infrastructure

Every one of Dallas’ 156 emergency weather sirens broke into cacophony for more than an hour on Friday.

As President Trump promises major investment in infrastructure, people across the country are hoping that includes spending on water pipes for drinking.

Flint, Mich., was a high-profile example of the many communities — like one in Eastern Kentucky — where people just can't trust their water.

Logan Layden / StateImpact Oklahoma

A bill passed by the state House of Representatives Wednesday would impose an annual fee on owners of plug-in hybrid and all-electric vehicles in Oklahoma, and that’s leaving some electric car owners feeling singled out.

A gray 2013 Nissan Leaf sits in Edmond resident Jonathon Stranger’s driveway.

“There’s no gas. There’s no motor oil,” Stranger says. “It’s the future.”

The president and top officers of the U.S. Conference of Mayors have discussed their priorities and municipal issues with President-elect Donald Trump.

Oklahoma City Mayor Mick Cornett, president of the organization, and other mayors met with Trump in New York City Thursday. Topics included infrastructure investment, public safety, unfunded federal mandates and immigration.

Cornett says members of the delegation had "a very positive, wide-ranging discussion" with Trump and appreciate his desire to work with the nation's mayors to strengthen metro economies.

With Donald Trump's choices for secretaries of transportation and of housing and urban development — Elaine Chao and Dr. Ben Carson, respectively — there may be hints about the urban agenda Trump's administration may be shaping.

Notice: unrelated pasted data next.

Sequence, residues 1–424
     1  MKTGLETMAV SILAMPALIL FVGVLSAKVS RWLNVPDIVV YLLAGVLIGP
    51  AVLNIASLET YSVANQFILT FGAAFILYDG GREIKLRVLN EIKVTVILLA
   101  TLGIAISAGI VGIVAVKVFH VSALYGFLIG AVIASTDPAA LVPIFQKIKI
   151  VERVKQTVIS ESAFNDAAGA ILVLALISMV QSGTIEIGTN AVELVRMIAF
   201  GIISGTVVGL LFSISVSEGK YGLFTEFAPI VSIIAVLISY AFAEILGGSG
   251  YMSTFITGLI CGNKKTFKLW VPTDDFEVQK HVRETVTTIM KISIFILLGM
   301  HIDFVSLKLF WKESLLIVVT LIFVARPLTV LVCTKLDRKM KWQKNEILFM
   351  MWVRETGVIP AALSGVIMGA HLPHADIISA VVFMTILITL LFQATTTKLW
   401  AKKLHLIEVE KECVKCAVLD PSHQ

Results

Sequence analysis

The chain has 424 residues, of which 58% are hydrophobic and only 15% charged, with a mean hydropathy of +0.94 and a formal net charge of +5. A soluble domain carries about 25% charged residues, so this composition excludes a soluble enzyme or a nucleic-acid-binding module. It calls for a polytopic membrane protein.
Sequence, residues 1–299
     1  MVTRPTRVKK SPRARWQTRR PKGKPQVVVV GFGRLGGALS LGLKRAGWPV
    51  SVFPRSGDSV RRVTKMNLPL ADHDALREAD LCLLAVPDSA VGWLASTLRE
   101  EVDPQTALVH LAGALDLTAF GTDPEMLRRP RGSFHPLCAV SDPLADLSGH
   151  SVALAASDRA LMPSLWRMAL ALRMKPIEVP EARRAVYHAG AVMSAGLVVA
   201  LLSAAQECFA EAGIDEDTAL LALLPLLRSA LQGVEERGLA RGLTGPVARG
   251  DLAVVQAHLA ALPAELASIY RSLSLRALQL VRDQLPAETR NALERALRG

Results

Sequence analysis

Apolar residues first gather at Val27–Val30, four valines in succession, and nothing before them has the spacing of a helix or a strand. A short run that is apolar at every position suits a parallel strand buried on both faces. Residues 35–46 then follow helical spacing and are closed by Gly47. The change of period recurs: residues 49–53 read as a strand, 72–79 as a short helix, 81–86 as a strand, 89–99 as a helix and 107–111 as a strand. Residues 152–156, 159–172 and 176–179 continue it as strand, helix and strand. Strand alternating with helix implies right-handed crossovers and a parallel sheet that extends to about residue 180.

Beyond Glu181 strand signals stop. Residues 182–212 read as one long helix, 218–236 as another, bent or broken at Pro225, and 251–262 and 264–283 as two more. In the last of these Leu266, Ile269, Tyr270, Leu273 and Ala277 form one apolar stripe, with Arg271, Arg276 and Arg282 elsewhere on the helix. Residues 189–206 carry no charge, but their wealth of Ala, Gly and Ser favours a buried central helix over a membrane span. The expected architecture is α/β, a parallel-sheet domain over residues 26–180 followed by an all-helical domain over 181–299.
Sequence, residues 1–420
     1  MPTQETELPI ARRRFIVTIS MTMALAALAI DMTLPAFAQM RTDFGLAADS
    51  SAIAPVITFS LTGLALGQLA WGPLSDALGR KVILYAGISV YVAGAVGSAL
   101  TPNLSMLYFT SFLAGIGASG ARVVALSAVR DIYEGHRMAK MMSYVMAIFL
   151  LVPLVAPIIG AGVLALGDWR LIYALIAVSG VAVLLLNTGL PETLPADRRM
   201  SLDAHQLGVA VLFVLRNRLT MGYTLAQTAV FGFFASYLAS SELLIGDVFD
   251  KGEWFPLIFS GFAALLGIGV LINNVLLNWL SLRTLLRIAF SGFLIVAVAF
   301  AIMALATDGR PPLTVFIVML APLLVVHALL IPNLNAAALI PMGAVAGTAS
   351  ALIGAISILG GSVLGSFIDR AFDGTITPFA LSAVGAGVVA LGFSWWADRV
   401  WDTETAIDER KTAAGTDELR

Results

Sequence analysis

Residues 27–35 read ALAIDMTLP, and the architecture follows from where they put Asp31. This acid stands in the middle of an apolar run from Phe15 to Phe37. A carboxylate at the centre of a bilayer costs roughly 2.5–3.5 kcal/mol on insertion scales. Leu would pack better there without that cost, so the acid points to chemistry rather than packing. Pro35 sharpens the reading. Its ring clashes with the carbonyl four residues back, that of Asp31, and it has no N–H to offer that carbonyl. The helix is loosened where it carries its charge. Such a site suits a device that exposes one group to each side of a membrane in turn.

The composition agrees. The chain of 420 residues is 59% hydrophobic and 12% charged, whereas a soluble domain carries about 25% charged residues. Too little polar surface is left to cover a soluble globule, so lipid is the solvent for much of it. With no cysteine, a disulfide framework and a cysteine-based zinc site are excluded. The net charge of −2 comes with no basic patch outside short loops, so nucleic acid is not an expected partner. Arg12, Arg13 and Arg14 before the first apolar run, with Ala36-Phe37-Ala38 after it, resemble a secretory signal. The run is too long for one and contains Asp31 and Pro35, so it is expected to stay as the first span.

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There aren't many things the two major presidential candidates agree on, but here's one: Both Hillary Clinton and Donald Trump say they would spend more to rebuild the country's aging infrastructure.

Joe Wertz / StateImpact Oklahoma

Linn Energy needs a new compressor plant to serve customers in the SCOOP and STACK, hot oil and natural gas plays with very little infrastructure in place to collect and pump natural gas to existing pipeline systems.

Mick Cornett, the mayor of Oklahoma City, grew up there and saw the city he now leads rebound from the 1995 bombing of the Murrah federal building. He’s the incoming head of the U.S. Conference of Mayors, which meets in Indianapolis this weekend.

In a conversation with Here & Now‘s Peter O’Dowd, Cornett weighs in on how a city recovers from a terrorist attack, and describes the crisis facing virtually every mayor in the U.S.: how to pay for repairs to crumbling infrastructure like roads and bridges.

When Republicans took over both chambers of Congress in January, party leaders vowed they would prove to the country that Republicans could govern. They promised to stop with the self-made crises, such as government shutdowns, and rack up legislative accomplishments. So in the first year of a GOP-controlled Congress in nearly a decade, how well did Republicans prove they can govern?

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